I am quite sure in my mind that this book will help future curious minds into further research in terms of words, places, people and events. Here is a catalogue, quite honestly researched, of what is past, passing, or to come.

      In dedication : to the greatest of the great, none else but the protagonist, Maharana Pratap, his steed Chetak, to Chittorgarh, and to all those unsung heroes who laid down their lives for this land and for liberty.

      Thakur Nahar Singh Jasol 
      Udaipur, February 2001

      Updated by
      Thakur Bhupendra Singh Auwa
      Udaipur, December 2014

Acknowledgements

We would like to thank the following for their invaluable assistance with this book: Satyajit Padhi, Shri P.C. Bhargava, Dr. B.M. Javalia, and Shri Laxmi Shanker Purohit.

Preface

  • Mewar is, quite rightly, called the world’s longest serving Dynasty. Historically, this Rajput realm came into being in the 7th century with Rawal Guhil; in mythology, it traces its descent from Ram, king of Ayodhya, one of the heroes of the epic Ramayan. Bappa Rawal established the House of Mewar itself in AD 734. The name of the ruling family from the outset was Guhilot (after Guhil). This unofficially became Aharya, when the Mewar capital was the ancient city of Ahar during the 10th to 12th centuries. In 1326, with Maharana Hamir Singh I, the family’s name was changed to Sisodia, and remains so to this day. Proudly, they are Suryvanshis, descendants of Surya the Sun God.

  • Perhaps that simple, brief introduction neatly answers the question “What was Mewar?” However, and understandably, in 1,400 years, there is so much more to know about this amazing Dynasty. For instance, for most of those fourteen centuries, Mewar was recognised as the leading kingdom of Rajputana (Land of the Rajputs). Although roughly the size of modern Switzerland, the extent of the State has varied from time to time. Up to the reign of Maharana Sangram Singh I (1509-1527) its boundaries were far-reaching for such a small kingdom (albeit the largest in Rajputana). Due to the repeated assaults of the Mughals and the Marathas, those dimensions were narrowed, then somewhat re-established in 1818 with the advent of the treaty with the British Govt.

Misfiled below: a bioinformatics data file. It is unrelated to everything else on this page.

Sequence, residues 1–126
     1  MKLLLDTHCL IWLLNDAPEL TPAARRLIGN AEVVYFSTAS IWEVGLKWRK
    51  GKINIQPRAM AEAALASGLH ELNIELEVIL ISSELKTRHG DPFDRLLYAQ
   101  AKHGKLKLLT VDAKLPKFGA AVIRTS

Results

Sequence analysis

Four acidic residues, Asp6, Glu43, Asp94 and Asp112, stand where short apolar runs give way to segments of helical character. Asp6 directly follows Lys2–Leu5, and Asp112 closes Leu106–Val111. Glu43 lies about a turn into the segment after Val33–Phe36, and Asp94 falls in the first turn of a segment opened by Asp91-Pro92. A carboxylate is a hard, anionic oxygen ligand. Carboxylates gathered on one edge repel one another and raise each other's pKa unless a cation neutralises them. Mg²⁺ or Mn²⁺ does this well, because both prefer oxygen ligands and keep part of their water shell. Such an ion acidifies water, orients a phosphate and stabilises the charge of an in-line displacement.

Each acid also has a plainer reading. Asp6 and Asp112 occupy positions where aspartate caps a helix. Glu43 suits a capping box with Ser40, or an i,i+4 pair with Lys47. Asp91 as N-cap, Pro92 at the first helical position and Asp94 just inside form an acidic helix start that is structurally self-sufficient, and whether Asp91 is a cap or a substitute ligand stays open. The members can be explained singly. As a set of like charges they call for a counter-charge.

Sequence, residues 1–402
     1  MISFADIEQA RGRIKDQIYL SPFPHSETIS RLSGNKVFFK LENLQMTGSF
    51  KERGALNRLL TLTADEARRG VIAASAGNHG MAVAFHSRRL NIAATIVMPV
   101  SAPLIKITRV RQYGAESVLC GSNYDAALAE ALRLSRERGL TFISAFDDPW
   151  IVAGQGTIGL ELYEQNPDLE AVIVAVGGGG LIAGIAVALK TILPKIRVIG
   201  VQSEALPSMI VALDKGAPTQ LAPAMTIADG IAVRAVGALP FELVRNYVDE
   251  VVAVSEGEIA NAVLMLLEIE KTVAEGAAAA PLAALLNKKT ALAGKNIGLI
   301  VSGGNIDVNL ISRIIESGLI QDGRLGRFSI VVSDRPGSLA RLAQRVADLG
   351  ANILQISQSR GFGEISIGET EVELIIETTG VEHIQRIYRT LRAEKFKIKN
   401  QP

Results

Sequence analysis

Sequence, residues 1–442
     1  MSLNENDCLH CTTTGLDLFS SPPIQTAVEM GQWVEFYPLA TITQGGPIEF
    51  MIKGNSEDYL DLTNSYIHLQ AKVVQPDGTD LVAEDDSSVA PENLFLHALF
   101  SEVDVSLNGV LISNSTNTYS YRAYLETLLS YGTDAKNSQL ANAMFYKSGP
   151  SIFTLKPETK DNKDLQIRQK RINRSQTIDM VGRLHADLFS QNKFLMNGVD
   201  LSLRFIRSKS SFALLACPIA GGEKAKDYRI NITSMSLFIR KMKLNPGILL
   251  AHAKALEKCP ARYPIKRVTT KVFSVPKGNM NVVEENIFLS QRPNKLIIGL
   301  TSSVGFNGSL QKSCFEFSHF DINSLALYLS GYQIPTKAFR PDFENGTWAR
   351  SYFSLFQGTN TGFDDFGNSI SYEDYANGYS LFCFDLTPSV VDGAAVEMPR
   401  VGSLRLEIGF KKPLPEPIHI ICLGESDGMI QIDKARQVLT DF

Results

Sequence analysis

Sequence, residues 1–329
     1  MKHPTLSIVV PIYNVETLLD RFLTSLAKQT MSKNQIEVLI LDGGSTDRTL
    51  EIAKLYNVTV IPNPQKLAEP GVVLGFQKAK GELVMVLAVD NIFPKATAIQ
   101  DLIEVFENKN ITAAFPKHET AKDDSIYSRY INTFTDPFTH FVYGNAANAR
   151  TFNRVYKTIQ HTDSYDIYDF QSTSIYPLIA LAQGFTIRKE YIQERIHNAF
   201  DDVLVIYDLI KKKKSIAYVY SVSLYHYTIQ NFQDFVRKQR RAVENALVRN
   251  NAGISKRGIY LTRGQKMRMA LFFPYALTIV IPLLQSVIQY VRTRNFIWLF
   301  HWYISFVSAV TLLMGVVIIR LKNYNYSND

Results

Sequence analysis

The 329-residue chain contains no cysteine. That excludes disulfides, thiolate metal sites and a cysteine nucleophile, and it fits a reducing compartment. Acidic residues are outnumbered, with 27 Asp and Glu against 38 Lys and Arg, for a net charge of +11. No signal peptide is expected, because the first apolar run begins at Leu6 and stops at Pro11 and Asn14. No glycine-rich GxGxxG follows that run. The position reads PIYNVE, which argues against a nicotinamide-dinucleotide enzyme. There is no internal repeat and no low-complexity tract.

• The foremost feature of the kingdom was its isolation, which made its people self-reliant, warlike (in defence, not in annexation) and straightforward. Set amongst the Aravalli ranges, Mewar was a geographically secluded territory, the rugged terrain a distinctive physical feature that helped to shape the State’s history. Ancient Indian culture and art found an asylum in the territory and enriched the kingdom’s own superb heritage. Mewar has enjoyed the best of times, yet its history is rife with conflict. Among its rulers were a fair share of villains, as well as exemplary heroes, the names of the latter still household words toda